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A Phase 2b Study of Istradefylline (KW-6002) for the Treatment of Parkinson's Disease in Patients Taking Levodopa

2014-08-27 03:39:18 | BioPortfolio

Summary

The purpose of this study is to establish the efficacy of 20 mg/day and 40 mg/day doses of istradefylline for reducing the mean total hours of awake time per day spent in the OFF state in patients with advanced Parkinson's disease (PD) treated with levodopa.

Description

To establish the efficacy of 20 mg/day and 40 mg/day doses of istradefylline for reducing the mean total hours of awake time per day spent in the OFF state in patients with advanced Parkinson's disease (PD) treated with levodopa. Patients who meet entry criteria will be randomized in a 1:1:1 ratio to double blind treatment with oral doses of 20 or 40mg/day istradefylline or matching placebo. Patients will be treated for 12 weeks and will have interim visits and end of treatment visit to assess the efficacy and safety of istradefylline.

Study Design

Allocation: Randomized, Control: Placebo Control, Endpoint Classification: Safety/Efficacy Study, Intervention Model: Parallel Assignment, Masking: Double Blind (Subject, Caregiver, Investigator, Outcomes Assessor), Primary Purpose: Treatment

Conditions

Parkinson's Disease

Intervention

Istradefylline, Istradefylline, Placebo

Location

Contact Kyowa Hakko Kogyo Co., Ltd.
Tokyo
Japan

Status

Completed

Source

Kyowa Hakko Kirin Pharma, Inc.

Results (where available)

View Results

Links

Published on BioPortfolio: 2014-08-27T03:39:18-0400

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A Study of Istradefylline (KW-6002) for the Treatment of Parkinson's Disease in Patients Taking Levodopa

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Safety and effectiveness of istradefylline in patients with Parkinson's disease: interim analysis of a post-marketing surveillance study in Japan.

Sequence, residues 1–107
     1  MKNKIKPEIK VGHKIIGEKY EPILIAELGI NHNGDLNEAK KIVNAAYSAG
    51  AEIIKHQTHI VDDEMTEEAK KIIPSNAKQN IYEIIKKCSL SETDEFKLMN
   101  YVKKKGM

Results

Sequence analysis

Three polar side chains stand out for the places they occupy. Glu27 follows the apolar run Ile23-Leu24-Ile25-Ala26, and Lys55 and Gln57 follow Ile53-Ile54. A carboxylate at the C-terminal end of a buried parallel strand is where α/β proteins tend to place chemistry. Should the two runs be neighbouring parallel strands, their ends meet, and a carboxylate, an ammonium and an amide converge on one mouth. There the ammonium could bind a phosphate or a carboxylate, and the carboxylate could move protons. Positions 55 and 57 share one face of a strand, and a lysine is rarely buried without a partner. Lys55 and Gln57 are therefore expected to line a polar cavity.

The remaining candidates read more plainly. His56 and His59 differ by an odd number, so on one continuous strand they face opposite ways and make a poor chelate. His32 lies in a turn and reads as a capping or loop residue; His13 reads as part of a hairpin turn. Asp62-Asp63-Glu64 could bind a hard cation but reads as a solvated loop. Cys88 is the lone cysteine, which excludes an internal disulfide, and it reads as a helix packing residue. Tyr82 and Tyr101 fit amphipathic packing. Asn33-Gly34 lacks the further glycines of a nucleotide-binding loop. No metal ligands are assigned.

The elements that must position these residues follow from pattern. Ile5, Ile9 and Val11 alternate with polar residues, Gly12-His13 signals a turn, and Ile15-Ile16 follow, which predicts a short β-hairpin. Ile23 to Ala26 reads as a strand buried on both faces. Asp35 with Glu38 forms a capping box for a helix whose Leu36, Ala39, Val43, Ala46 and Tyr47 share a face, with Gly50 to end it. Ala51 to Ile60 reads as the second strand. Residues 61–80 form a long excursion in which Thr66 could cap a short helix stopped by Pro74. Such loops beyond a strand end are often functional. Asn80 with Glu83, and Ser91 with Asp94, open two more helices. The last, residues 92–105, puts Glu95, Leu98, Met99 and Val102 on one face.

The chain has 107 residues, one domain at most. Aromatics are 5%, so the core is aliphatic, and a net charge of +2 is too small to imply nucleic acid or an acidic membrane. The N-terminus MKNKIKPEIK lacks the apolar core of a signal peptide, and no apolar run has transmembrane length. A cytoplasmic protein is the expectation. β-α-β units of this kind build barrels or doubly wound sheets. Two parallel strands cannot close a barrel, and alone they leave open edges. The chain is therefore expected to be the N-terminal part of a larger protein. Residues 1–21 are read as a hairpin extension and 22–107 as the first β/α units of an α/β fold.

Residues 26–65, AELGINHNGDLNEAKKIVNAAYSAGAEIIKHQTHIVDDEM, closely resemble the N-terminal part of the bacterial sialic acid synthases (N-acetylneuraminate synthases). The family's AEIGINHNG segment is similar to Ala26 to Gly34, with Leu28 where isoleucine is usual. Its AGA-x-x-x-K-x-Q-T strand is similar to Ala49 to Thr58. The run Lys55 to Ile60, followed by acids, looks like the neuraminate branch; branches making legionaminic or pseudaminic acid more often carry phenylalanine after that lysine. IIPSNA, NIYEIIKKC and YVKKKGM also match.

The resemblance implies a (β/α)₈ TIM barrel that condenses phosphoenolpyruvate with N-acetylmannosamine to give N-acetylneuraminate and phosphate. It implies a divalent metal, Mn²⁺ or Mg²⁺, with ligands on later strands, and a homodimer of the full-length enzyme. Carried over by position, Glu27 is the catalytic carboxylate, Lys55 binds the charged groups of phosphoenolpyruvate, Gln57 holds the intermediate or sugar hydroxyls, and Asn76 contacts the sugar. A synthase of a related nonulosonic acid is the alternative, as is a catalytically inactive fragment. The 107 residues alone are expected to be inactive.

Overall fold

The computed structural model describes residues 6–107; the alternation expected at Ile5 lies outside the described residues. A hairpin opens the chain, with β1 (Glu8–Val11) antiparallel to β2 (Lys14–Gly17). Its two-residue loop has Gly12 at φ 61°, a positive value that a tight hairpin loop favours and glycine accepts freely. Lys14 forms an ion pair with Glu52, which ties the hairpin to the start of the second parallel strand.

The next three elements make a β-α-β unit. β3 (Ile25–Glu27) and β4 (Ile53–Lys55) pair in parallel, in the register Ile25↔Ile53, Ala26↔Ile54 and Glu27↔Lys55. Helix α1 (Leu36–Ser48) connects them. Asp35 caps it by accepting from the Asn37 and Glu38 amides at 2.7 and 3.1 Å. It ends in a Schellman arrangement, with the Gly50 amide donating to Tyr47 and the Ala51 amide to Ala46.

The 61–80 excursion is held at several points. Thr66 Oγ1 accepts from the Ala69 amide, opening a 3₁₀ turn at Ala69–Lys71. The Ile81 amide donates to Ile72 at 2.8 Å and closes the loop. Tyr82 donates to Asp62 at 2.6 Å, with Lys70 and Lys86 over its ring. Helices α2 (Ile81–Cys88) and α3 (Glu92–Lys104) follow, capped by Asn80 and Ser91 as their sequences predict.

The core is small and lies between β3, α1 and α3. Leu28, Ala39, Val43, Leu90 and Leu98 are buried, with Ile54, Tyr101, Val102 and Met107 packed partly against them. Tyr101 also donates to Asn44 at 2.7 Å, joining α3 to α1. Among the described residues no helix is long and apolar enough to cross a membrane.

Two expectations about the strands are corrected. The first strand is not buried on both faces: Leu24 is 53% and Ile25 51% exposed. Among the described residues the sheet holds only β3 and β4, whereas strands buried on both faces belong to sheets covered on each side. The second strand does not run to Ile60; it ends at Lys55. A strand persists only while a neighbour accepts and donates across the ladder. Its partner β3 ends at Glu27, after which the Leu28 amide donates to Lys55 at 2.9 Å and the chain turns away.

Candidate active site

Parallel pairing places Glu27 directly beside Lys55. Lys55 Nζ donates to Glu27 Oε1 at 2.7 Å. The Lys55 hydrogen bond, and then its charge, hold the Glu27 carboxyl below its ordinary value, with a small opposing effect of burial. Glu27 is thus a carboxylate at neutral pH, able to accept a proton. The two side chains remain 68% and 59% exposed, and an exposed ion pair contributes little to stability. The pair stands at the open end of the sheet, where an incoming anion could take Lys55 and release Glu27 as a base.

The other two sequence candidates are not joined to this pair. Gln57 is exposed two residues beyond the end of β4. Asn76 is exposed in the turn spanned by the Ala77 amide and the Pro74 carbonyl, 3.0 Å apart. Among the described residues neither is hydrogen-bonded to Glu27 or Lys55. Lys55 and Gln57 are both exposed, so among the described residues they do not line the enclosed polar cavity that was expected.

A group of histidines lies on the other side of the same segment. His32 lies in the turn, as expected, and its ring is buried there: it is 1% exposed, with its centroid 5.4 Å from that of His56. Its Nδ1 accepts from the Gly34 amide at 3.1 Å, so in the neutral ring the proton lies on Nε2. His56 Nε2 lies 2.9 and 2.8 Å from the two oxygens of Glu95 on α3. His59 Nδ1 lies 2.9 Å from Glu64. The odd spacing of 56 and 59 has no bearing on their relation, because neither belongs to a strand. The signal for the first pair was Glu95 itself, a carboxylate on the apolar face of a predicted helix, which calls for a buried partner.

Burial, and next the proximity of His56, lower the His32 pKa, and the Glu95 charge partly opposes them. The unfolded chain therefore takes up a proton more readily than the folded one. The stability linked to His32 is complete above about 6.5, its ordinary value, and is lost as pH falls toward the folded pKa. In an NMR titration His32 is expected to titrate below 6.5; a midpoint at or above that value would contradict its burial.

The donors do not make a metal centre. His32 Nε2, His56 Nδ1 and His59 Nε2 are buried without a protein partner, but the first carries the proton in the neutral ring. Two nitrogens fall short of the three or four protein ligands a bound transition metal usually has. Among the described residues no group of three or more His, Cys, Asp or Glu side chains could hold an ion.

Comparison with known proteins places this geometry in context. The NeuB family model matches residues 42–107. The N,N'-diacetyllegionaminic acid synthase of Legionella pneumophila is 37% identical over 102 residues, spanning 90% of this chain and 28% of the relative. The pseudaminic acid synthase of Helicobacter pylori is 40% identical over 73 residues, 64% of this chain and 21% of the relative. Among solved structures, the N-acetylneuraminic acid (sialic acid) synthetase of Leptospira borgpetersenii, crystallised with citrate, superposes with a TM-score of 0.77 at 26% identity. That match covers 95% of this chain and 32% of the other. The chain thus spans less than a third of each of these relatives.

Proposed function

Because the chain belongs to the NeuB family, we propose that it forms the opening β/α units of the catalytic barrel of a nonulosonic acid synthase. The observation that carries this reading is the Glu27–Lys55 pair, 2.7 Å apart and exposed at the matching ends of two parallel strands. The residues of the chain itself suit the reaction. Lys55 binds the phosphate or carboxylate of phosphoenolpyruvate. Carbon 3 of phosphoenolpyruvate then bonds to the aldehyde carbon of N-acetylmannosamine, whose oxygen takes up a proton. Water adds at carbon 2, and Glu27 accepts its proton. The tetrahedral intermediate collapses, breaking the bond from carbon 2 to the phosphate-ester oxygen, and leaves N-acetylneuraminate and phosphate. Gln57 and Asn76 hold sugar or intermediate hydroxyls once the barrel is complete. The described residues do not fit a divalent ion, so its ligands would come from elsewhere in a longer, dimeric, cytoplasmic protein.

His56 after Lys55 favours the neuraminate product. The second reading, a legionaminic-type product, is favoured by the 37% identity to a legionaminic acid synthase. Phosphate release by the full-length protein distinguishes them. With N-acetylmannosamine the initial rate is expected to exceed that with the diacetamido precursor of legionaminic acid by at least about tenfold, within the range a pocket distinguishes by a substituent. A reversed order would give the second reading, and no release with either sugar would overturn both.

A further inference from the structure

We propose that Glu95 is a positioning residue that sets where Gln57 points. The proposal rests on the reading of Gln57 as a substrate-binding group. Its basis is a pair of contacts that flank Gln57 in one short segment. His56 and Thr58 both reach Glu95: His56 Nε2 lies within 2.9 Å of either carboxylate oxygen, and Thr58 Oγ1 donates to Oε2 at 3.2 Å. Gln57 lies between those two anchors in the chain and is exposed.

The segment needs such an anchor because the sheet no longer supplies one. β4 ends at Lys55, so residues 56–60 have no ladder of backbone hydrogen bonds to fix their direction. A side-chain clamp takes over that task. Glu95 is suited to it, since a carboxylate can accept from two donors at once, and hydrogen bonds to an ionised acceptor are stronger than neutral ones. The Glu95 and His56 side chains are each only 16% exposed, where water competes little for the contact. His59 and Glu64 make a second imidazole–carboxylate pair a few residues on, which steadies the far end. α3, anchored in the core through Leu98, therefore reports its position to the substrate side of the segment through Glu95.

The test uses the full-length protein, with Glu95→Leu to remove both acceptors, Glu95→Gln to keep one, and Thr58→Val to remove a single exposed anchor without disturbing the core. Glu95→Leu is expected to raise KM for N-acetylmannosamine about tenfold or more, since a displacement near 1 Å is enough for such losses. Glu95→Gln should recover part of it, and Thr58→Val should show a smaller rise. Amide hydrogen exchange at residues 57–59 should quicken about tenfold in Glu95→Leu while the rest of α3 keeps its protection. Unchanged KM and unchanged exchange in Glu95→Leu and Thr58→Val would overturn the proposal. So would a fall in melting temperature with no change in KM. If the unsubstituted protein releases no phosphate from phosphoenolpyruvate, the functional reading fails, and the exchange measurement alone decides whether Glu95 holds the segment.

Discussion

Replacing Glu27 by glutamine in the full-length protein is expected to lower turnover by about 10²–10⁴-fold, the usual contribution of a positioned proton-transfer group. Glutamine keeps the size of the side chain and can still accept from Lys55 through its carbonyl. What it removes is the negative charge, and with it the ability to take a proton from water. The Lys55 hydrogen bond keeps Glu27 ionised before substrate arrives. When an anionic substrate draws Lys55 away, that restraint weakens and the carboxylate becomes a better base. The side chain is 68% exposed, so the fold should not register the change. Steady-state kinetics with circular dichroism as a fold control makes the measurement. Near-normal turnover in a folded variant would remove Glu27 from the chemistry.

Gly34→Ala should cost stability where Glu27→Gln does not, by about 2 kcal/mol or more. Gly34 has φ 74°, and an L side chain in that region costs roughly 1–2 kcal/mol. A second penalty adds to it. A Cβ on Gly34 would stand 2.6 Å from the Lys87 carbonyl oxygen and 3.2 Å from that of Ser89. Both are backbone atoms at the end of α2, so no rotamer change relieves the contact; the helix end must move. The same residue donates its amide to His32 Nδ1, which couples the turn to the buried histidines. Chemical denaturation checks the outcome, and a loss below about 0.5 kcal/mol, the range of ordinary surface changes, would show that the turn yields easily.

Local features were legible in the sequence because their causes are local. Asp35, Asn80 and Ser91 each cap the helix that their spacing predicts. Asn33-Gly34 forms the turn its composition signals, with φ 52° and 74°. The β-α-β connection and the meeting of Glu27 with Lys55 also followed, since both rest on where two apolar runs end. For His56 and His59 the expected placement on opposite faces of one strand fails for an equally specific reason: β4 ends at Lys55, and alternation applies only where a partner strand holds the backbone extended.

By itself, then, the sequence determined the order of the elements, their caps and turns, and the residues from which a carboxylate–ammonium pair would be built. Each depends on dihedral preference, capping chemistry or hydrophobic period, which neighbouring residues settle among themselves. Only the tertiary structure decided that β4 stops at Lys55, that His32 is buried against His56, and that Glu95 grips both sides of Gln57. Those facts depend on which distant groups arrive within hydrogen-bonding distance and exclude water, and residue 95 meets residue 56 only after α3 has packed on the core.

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Effect of istradefylline on mood disorders in Parkinson's disease.

Depression is the most common psychiatric complication in patients with Parkinson's disease (PD). Istradefylline, a new anti-parkinsonian agent with completely different mechanism, improves depression...

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Medical and Biotech [MESH] Definitions

Proteins associated with sporadic or familial cases of PARKINSON DISEASE.

A condition caused by the neurotoxin MPTP which causes selective destruction of nigrostriatal dopaminergic neurons. Clinical features include irreversible parkinsonian signs including rigidity and bradykinesia (PARKINSON DISEASE, SECONDARY). MPTP toxicity is also used as an animal model for the study of PARKINSON DISEASE. (Adams et al., Principles of Neurology, 6th ed, p1072; Neurology 1986 Feb;36(2):250-8)

A group of disorders which feature impaired motor control characterized by bradykinesia, MUSCLE RIGIDITY; TREMOR; and postural instability. Parkinsonian diseases are generally divided into primary parkinsonism (see PARKINSON DISEASE), secondary parkinsonism (see PARKINSON DISEASE, SECONDARY) and inherited forms. These conditions are associated with dysfunction of dopaminergic or closely related motor integration neuronal pathways in the BASAL GANGLIA.

Parkinsonism following encephalitis, historically seen as a sequella of encephalitis lethargica (Von Economo Encephalitis). The early age of onset, the rapid progression of symptoms followed by stabilization, and the presence of a variety of other neurological disorders (e.g., sociopathic behavior; TICS; MUSCLE SPASMS; oculogyric crises; hyperphagia; and bizarre movements) distinguish this condition from primary PARKINSON DISEASE. Pathologic features include neuronal loss and gliosis concentrated in the MESENCEPHALON; SUBTHALAMUS; and HYPOTHALAMUS. (From Adams et al., Principles of Neurology, 6th ed, p754)

Conditions which feature clinical manifestations resembling primary Parkinson disease that are caused by a known or suspected condition. Examples include parkinsonism caused by vascular injury, drugs, trauma, toxin exposure, neoplasms, infections and degenerative or hereditary conditions. Clinical features may include bradykinesia, rigidity, parkinsonian gait, and masked facies. In general, tremor is less prominent in secondary parkinsonism than in the primary form. (From Joynt, Clinical Neurology, 1998, Ch38, pp39-42)

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